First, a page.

References

Adedara, IA, et al. (2016), ‘Taurine Ameliorates Renal Oxidative Damage and Thyroid Dysfunction in Rats Chronically Exposed to Fluoride.’, Biol Trace Elem Res, PubMed: 27334436
Bachinskiĭ, PP, et al. (1985), ‘[Action of the body fluorine of healthy persons and thyroidopathy patients on the function of hypophyseal-thyroid the system].’, Probl Endokrinol (Mosk), 31 (6), 25-29. PubMed: 4088985
Banji, D, et al. (2013), ‘Investigation on the role of Spirulina platensis in ameliorating behavioural changes, thyroid dysfunction and oxidative stress in offspring of pregnant rats exposed to fluoride.’, Food Chem, 140 (1-2), 321-31. PubMed: 23578649
Basha, PM, P Rai, and S Begum (2011), ‘Fluoride toxicity and status of serum thyroid hormones, brain histopathology, and learning memory in rats: a multigenerational assessment.’, Biol Trace Elem Res, 144 (1-3), 1083-94. PubMed: 21755305
Dlugosz, A, A Roszkowska, and M Zimmer (2009), ‘Oestradiol protects against the harmful effects of fluoride more by increasing thiol group levels than scavenging hydroxyl radicals.’, Basic Clin Pharmacol Toxicol, 105 (6), 366-73. PubMed: 19799602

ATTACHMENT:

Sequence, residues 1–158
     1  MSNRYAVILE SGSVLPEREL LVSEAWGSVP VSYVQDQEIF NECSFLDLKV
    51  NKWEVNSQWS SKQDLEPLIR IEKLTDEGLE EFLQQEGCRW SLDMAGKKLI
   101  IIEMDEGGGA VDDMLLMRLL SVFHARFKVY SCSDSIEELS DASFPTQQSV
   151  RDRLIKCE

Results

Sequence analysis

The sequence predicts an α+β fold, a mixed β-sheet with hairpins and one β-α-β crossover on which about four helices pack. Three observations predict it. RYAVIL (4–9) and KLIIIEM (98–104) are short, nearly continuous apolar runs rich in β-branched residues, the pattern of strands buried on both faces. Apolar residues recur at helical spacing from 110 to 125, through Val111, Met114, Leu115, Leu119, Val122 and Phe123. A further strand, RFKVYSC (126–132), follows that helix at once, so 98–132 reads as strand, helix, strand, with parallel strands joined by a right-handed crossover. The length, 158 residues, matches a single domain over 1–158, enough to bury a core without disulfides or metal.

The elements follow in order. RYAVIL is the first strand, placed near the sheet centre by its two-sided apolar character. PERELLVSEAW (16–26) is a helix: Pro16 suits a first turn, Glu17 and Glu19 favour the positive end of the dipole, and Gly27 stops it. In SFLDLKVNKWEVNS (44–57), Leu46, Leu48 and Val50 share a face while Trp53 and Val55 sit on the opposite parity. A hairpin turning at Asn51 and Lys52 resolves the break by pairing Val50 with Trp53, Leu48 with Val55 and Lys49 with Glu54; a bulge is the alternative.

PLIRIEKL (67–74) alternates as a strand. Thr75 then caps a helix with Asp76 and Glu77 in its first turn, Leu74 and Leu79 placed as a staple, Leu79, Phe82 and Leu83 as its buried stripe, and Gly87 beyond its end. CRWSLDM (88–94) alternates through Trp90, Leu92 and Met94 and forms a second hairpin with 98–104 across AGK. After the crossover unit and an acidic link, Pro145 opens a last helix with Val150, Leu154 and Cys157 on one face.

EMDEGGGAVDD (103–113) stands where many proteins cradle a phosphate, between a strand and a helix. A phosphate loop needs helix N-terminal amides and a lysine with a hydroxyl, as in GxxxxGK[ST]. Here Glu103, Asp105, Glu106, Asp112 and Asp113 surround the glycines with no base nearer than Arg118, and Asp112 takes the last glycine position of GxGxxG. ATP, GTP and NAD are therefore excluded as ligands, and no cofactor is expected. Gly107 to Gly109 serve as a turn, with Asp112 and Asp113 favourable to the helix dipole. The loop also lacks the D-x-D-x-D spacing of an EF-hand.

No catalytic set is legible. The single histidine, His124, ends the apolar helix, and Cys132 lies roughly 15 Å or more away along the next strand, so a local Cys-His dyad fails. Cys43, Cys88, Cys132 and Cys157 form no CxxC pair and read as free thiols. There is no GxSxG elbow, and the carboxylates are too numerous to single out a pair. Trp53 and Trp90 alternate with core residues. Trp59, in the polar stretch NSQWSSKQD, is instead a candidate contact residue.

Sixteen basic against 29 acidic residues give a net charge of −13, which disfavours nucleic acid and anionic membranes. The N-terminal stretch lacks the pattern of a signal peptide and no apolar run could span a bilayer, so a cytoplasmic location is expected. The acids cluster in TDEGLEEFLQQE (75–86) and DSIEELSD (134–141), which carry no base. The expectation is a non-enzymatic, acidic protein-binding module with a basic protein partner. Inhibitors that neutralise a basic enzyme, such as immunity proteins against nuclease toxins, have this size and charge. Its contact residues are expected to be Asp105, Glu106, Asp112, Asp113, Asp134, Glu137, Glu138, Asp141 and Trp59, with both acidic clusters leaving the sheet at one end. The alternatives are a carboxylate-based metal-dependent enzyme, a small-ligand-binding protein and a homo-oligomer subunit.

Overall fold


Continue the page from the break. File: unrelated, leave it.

Hosur, MB, et al. (2012), ‘Study of thyroid hormones free triiodothyronine (FT3), free thyroxine (FT4) and thyroid stimulating hormone (TSH) in subjects with dental fluorosis.’, Eur J Dent, 6 (2), 184-90. PubMed: 22509122
Ortiz-Pérez, D, et al. (2003), ‘Fluoride-induced disruption of reproductive hormones in men.’, Environ Res, 93 (1), 20-30. PubMed: 12865044
Sarkar, SD, R Maiti, and D Ghosh (2006), ‘Management of fluoride induced testicular disorders by calcium and vitamin-E co-administration in the albino rat.’, Reprod Toxicol, 22 (4), 606-12. PubMed: 16769200
Yang, H, et al. (2016), ‘γ-Aminobutyric acid ameliorates fluoride-induced hypothyroidism in male Kunming mice.’, Life Sci, 146 1-7. PubMed: 26724496
Zhou, Y, et al. (2013a), ‘The toxicity mechanism of sodium fluoride on fertility in female rats.’, Food Chem Toxicol, 62 566-72. PubMed: 24071475
Zhou, Y, et al. (2013b), ‘Effects of sodium fluoride on reproductive function in female rats.’, Food Chem Toxicol, 56 297-303. PubMed: 23459146